• Let your interviewees know when you’re publishing their videos. Send them the URL so they can share it with their networks.
    • Create a balance between promotional and informational material. People are less likely to share if a video is purely promotional. Add an educational element in it or other takeaway; tell them something they don’t already know or something they will find valuable.
    • Tell a story. And then get to the heart of the story, tugging at people’s heartstrings when possible. Find a way to reel in the audience. When the testimonial is more relatable, it’s also more likely to be shared.
    • Call-to-actions can be subtle. A simple fade-in with the website or phone number at the bottom is all you need, and it will help people feel less like they are sharing a commercial.

    Tip No. 5: Get a better ROI

    What’s better than having a great testimonial? Having a great testimonial that you can re-use and repurpose. You don’t always have to be shooting new video, but you can make it look like you are.

    • Slice up a video and save it. Take different segments and use them according to what’s currently trending. You don’t need to use the whole video at once—save parts for later when they have more relevance. Don’t forget to hashtag it!
    • Soundbites are key. Take one testimonial and divide it into several different soundbites to use leading up to an event. Be sure to give them new, creative titles.
    • Post and repeat. Since Twitter is more disposable than other social platforms, you can repost the same video (or different segments of the same video).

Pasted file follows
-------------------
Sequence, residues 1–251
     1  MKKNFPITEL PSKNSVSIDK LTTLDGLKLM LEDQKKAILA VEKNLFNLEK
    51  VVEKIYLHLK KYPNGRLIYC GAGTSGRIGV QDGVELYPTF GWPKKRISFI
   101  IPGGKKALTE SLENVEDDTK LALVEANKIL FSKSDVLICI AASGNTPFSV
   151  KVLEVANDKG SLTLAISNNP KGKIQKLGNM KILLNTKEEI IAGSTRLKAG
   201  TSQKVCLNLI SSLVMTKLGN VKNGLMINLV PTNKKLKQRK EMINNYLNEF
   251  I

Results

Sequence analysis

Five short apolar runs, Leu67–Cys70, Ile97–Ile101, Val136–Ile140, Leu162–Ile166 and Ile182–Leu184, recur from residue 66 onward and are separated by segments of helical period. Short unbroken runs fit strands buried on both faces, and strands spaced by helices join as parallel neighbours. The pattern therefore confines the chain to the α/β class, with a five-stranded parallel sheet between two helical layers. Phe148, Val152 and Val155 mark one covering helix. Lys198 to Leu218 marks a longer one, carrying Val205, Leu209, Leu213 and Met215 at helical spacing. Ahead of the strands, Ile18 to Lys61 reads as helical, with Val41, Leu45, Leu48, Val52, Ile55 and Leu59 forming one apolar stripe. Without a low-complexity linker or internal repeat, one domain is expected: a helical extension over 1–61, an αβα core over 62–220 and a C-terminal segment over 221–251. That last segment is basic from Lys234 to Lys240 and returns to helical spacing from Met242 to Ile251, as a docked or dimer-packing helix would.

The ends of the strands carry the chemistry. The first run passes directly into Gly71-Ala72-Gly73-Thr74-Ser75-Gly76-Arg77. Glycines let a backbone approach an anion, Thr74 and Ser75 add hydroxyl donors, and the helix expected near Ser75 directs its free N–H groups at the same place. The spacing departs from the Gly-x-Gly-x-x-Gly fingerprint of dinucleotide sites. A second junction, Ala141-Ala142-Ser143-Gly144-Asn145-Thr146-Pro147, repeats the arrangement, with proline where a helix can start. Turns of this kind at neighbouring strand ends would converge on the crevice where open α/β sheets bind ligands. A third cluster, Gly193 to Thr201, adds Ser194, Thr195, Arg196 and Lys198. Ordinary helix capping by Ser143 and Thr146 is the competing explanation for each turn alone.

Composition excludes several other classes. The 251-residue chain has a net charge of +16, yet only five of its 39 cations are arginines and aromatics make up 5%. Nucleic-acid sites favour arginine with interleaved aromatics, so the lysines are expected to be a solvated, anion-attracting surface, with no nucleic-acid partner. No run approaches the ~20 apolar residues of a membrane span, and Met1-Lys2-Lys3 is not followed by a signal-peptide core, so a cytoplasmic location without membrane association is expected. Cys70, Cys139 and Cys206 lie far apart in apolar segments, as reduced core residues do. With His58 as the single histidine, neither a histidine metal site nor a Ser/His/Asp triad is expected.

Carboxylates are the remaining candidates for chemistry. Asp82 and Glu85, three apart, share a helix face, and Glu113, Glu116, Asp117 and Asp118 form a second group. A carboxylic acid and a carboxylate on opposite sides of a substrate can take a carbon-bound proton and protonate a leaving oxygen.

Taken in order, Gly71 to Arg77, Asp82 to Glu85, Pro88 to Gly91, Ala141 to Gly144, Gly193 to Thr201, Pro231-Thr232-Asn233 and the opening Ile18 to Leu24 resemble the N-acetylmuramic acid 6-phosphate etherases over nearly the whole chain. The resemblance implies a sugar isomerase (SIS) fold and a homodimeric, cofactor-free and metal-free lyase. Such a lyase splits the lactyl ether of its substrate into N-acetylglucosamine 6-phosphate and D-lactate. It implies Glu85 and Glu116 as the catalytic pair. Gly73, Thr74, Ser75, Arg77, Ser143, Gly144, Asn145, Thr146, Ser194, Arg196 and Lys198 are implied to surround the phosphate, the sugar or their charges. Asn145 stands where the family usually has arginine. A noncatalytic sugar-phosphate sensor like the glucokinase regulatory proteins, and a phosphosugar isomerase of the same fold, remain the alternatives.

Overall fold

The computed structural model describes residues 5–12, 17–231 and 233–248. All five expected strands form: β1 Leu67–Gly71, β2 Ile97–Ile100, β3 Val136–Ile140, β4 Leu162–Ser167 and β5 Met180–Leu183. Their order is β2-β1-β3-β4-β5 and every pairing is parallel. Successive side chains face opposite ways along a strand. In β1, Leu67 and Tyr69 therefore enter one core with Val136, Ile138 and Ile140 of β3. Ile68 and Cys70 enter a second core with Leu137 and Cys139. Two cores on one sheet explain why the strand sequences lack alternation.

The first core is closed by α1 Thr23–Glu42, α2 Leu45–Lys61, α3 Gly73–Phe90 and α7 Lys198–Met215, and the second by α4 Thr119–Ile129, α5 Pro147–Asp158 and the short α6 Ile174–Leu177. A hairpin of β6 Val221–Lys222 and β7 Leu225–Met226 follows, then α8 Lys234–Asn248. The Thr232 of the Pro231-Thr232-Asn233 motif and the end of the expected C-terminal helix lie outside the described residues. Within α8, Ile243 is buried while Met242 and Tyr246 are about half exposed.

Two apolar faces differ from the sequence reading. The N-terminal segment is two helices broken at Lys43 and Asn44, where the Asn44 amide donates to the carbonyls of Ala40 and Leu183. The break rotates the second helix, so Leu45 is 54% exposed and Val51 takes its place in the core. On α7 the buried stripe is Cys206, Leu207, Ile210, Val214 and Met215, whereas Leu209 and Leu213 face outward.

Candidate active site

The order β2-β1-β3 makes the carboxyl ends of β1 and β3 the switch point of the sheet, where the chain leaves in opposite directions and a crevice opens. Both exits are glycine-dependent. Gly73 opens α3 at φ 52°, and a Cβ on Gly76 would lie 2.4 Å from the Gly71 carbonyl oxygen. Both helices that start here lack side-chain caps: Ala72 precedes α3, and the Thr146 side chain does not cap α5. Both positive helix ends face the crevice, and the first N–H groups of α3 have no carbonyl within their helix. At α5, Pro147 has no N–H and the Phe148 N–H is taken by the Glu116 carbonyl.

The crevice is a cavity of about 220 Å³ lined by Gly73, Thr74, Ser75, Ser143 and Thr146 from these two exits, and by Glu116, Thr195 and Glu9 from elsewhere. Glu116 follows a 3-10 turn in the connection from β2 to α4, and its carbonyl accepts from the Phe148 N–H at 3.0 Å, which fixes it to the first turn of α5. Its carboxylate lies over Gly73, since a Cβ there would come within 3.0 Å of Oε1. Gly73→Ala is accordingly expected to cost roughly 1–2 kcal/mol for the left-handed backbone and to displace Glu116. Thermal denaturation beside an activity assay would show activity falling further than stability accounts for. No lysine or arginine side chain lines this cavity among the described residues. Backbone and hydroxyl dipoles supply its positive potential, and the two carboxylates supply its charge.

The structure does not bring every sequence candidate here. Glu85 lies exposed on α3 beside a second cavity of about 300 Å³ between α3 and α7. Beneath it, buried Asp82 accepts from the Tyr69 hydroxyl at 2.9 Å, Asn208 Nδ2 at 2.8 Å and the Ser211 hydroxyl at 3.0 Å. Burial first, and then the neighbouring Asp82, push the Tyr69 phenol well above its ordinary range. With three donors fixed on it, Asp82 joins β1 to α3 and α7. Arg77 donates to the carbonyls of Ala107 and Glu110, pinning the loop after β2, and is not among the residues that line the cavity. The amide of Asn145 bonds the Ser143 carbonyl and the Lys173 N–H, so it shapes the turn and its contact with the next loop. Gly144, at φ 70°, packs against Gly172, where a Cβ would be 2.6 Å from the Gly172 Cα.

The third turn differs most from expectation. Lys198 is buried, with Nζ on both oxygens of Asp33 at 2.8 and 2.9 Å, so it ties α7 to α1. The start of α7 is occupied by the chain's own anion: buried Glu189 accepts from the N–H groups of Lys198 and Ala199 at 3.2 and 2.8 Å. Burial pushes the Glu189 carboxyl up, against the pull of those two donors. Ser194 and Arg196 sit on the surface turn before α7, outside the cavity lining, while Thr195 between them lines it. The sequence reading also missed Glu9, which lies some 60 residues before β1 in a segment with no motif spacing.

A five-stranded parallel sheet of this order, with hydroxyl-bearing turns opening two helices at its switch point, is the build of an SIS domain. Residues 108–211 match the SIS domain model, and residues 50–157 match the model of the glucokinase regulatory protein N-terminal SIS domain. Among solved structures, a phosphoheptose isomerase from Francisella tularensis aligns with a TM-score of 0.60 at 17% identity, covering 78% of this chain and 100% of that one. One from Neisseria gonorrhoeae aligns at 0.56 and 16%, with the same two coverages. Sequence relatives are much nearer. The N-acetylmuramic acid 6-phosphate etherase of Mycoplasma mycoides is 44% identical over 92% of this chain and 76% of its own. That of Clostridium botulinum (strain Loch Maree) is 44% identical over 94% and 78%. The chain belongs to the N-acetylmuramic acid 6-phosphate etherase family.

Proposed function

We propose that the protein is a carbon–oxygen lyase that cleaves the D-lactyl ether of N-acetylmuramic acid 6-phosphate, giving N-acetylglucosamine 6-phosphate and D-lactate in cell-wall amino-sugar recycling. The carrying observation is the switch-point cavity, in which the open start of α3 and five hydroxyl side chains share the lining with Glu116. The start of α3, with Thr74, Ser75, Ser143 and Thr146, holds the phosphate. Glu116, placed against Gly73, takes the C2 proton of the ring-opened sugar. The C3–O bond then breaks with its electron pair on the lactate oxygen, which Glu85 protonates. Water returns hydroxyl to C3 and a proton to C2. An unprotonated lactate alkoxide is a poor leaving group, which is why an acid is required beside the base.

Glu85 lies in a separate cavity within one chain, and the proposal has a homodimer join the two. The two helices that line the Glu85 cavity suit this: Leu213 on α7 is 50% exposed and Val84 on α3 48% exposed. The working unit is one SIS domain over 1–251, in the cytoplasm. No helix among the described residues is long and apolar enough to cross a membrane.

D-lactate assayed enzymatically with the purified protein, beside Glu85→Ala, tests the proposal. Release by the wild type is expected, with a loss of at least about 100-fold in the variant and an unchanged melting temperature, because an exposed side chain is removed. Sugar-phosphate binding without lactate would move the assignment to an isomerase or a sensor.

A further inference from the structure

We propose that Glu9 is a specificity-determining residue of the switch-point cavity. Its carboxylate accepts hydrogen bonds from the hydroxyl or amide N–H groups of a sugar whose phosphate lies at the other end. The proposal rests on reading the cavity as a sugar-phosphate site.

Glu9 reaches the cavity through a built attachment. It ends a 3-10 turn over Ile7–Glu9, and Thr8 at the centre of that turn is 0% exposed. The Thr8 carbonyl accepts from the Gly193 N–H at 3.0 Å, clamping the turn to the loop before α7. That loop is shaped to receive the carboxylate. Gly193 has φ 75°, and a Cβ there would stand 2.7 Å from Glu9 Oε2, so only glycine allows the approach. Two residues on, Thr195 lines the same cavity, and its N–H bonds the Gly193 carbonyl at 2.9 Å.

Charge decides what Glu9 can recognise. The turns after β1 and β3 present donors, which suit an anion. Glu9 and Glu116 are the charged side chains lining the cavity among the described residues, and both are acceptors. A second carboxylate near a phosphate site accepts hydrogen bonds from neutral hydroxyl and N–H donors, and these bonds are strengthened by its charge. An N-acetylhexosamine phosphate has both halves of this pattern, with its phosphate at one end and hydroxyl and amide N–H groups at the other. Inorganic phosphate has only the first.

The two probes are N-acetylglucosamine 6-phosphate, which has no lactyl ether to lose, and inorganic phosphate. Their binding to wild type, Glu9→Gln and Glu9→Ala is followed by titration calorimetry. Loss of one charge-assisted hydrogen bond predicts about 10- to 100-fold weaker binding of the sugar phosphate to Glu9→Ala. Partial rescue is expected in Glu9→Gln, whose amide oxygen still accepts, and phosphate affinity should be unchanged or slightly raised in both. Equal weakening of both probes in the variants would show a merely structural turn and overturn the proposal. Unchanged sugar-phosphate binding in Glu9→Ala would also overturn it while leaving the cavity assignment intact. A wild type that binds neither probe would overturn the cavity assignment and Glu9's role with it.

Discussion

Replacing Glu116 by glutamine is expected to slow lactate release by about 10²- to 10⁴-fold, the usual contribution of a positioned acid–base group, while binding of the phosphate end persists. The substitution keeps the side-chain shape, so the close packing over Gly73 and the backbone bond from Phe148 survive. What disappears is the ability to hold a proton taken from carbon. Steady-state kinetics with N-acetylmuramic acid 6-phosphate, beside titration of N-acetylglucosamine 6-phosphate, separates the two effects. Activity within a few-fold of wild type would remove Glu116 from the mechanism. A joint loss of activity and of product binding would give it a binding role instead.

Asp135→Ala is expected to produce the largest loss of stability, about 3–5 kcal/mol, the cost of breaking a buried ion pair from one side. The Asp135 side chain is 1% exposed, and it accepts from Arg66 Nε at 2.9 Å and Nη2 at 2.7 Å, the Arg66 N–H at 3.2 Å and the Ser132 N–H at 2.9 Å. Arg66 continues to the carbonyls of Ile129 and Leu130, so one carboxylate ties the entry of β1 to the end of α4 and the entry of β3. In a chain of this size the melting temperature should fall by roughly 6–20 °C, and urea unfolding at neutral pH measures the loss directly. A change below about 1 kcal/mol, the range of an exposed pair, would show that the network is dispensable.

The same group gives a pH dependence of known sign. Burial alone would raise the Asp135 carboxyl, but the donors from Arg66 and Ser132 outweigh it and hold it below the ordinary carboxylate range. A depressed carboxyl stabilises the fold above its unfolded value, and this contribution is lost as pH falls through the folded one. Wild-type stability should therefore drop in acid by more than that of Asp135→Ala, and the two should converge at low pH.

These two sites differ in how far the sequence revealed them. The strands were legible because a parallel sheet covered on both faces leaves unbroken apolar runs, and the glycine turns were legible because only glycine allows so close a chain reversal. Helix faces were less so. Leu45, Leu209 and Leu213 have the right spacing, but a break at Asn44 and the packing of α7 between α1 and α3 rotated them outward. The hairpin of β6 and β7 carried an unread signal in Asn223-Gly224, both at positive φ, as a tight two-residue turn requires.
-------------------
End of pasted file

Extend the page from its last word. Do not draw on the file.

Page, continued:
Video doesn’t have to be just a video. Turn a still shot into a graphic or an animated .GIF file.
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  • Next up: 5 Ways to Maximize the ROI of Your Holiday Gift

    5 Ways to Maximize the ROI of Your Holiday Gift

    It might seem like a long way off, but the holiday season will be here before you know it. Here are five ways to ensure the gift you give also gifts you a positive impression with colleagues and clients.

    Sending holiday gifts or cards to clients and colleagues is a nice tradition that can produce positive results, but also involve time and expense. As you plan for this year, consider these options for increasing your ROI by creating a positive impression—and doing something different.

    1. I’m thankful for you

    Send “I'm thankful for you” greetings on the Monday before Thanksgiving. They won't be lost in the sea of year-end holiday cards and can create a more positive impression.

    2. Personalize your message